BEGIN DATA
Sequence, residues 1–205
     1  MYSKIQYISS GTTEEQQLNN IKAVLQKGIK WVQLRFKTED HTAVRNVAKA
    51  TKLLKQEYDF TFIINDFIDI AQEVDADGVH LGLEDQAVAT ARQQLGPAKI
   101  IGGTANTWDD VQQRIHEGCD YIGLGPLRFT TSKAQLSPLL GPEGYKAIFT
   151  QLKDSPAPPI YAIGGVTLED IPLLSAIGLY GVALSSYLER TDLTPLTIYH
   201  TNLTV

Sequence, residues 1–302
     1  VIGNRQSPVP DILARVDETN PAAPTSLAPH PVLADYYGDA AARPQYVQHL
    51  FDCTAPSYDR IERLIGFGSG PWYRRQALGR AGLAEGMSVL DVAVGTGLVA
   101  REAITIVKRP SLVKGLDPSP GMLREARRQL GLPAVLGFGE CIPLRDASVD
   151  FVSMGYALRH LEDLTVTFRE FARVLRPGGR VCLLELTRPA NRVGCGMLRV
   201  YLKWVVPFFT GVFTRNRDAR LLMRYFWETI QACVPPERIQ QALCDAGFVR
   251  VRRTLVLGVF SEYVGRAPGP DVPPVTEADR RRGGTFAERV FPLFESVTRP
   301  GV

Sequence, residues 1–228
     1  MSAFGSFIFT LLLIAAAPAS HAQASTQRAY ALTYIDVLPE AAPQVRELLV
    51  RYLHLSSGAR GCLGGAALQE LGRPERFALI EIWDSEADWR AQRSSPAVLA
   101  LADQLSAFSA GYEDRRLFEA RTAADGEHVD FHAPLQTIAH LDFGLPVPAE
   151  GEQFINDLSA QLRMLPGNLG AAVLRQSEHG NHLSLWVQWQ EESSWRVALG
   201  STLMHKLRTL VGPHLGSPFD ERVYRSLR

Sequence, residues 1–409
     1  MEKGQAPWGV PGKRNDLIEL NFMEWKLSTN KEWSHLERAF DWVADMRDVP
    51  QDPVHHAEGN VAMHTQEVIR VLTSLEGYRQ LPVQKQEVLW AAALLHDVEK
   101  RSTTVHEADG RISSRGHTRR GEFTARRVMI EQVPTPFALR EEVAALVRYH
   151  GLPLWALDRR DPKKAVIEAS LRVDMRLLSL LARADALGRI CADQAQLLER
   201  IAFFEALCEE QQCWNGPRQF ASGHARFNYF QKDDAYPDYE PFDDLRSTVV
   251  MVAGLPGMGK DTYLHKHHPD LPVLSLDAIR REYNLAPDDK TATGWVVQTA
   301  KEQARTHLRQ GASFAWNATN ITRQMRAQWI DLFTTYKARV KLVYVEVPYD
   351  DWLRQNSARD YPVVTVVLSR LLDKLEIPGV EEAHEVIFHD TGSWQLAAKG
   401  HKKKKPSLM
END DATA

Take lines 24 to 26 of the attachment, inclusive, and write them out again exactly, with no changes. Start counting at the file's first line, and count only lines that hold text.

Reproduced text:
   101  RSTTVHEADG RISSRGHTRR GEFTARRVMI EQVPTPFALR EEVAALVRYH
   151  GLPLWALDRR DPKKAVIEAS LRVDMRLLSL LARADALGRI CADQAQLLER
   201  IAFFEALCEE QQCWNGPRQF ASGHARFNYF QKDDAYPDYE PFDDLRSTVV